Still ‘too many barriers’ for women entering politics, says McEntee

Taoiseach says Government is ‘serious about further reducing the gender pay gap’

There are still “too many barriers” for women entering politics, the Minister for Justice Helen McEntee has said.

Ms McEntee said just 23 per cent of TDs are women while only four women hold full Cabinet positions.

Ms McEntee was speaking in the Dáil on Tuesday, where statements were heard to mark International Women’s Day.

“I know so many women who are interested and involved in politics but may not have the confidence to run for office, and crucially may not feel that the supports are there for them, be that childcare, working hours or female mentors,” she said.


“To support, protect and empower women in all walks of life and at all stages of life we need to do more.”

Ms McEntee also said extensive work on the new national strategy to combat domestic, sexual and gender-based violence was continuing ahead of it being brought to Government next month.

Taoiseach Micheál Martin acknowledged "the bravery of the women of Ukraine, the women of Afghanistan and all the women who are experiencing conflict at this time".

“Women face particular challenges and hardships in times of conflict and it is important that any response to conflict and the displacement of people specifically and particularly acknowledges the needs of women and children,” he said.

“I know that everyone in this House is thinking today of the women facing impossible choices as they try to protect their families from war.”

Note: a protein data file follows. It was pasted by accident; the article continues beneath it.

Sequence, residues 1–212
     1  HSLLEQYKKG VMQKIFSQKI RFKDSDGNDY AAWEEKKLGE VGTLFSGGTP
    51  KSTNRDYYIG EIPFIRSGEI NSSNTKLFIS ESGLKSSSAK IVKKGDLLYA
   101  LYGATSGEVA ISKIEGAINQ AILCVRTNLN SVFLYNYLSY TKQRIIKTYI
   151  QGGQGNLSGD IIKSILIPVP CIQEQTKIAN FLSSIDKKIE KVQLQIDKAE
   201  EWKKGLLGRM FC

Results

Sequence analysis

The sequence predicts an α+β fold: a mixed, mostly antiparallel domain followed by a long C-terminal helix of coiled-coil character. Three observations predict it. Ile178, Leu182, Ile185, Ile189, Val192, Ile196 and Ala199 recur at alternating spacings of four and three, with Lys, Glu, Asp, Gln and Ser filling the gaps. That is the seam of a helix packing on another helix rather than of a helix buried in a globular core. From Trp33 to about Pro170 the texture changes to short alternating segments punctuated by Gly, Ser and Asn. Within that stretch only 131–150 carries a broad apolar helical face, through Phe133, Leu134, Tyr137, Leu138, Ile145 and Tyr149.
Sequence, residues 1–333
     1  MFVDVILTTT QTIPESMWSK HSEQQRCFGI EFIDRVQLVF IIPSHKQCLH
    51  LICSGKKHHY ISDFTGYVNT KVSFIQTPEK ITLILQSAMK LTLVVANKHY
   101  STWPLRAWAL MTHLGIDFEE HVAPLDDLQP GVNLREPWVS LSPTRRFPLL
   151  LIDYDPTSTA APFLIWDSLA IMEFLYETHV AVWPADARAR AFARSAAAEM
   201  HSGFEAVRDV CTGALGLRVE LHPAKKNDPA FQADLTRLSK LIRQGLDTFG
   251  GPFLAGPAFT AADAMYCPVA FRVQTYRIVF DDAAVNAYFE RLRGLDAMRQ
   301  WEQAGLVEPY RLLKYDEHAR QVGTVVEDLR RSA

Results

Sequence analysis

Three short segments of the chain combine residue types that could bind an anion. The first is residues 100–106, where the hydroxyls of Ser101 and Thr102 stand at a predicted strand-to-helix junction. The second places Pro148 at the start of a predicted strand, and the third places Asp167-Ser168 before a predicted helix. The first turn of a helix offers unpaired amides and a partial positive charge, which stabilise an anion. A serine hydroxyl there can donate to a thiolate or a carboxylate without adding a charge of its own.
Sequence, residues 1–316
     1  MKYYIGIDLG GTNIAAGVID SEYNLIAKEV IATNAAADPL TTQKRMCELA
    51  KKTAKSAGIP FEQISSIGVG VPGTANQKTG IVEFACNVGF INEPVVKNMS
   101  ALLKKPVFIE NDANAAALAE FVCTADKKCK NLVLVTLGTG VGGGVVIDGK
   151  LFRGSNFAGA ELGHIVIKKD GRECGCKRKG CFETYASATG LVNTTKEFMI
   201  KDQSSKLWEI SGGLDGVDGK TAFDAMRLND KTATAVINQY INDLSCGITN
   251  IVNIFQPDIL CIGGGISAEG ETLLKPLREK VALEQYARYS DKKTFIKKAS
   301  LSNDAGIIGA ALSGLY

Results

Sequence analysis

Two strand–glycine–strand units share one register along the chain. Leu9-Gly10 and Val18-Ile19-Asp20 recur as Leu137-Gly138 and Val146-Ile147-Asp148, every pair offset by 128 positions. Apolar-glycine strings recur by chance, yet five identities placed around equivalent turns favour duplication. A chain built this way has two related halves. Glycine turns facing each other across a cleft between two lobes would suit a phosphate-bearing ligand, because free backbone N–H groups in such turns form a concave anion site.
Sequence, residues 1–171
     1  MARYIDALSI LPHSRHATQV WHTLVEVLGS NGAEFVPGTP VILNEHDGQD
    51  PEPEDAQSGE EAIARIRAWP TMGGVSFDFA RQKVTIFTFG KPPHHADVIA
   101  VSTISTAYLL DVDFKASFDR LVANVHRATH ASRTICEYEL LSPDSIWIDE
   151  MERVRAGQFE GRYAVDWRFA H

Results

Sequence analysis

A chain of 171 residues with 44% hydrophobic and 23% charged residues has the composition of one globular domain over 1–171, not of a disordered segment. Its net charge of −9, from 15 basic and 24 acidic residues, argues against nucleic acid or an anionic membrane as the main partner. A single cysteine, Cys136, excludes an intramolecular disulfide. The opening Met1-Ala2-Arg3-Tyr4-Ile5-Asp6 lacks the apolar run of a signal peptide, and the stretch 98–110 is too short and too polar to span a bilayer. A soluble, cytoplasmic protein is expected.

Gender pay gap

Mr Martin also said "unfortunately" the gender pay gap remains significant in Ireland and around the world but that the Government was "serious about further reducing the gender pay gap".

“It is indicative of the work still to be done to ensure that women have equal access to economic empowerment,” he said.

"The effects of the gender pay gap are lifelong, resulting in women experiencing poverty at higher levels later in life. According to the latest figures published by Eurostat, in 2018 the gender pay gap in Ireland was 11.3 per cent while the gender pay gap across the European Union overall was 14.1 per cent."

He said the Gender Pay Gap Information Act 2021, which introduced a legislative basis for gender pay gap reporting in Ireland and reporting by organisations with more than 250 employees, will begin this year.

“Regulations to give effect to this legislation are in preparation and will be published in the coming weeks along with guidance for employers,” Mr Martin added.

“Reporting requirements will then be rolled out over the next few years to organisations with more than 150 employees and then to organisations with more than 50 employees. These requirements will eventually encompass approximately two-thirds of employees in the State.”

Sinn Féin leader Mary Lou McDonald said the State could not continue to be “the blockage to progressive change” and the Government must “stand up in tangible and meaningful ways”.

“We know that the mindset that sought to subjugate women has not gone away. It lingers still in the halls of power in new forms and different expressions,” she said.

“The outworking of this circuitry of misogyny is the lived experience today of every girl and woman in the persistence of the gender pay gap and the feminisation of poverty.

“We see it also in how both the austerity era and the pandemic deepened gender inequality. We see it in the lack of ambition on the part of successive governments to tackle areas of public policy that have an acute and disproportionate impact on women.”

Sarah Burns

Sarah Burns

Sarah Burns is a reporter for The Irish Times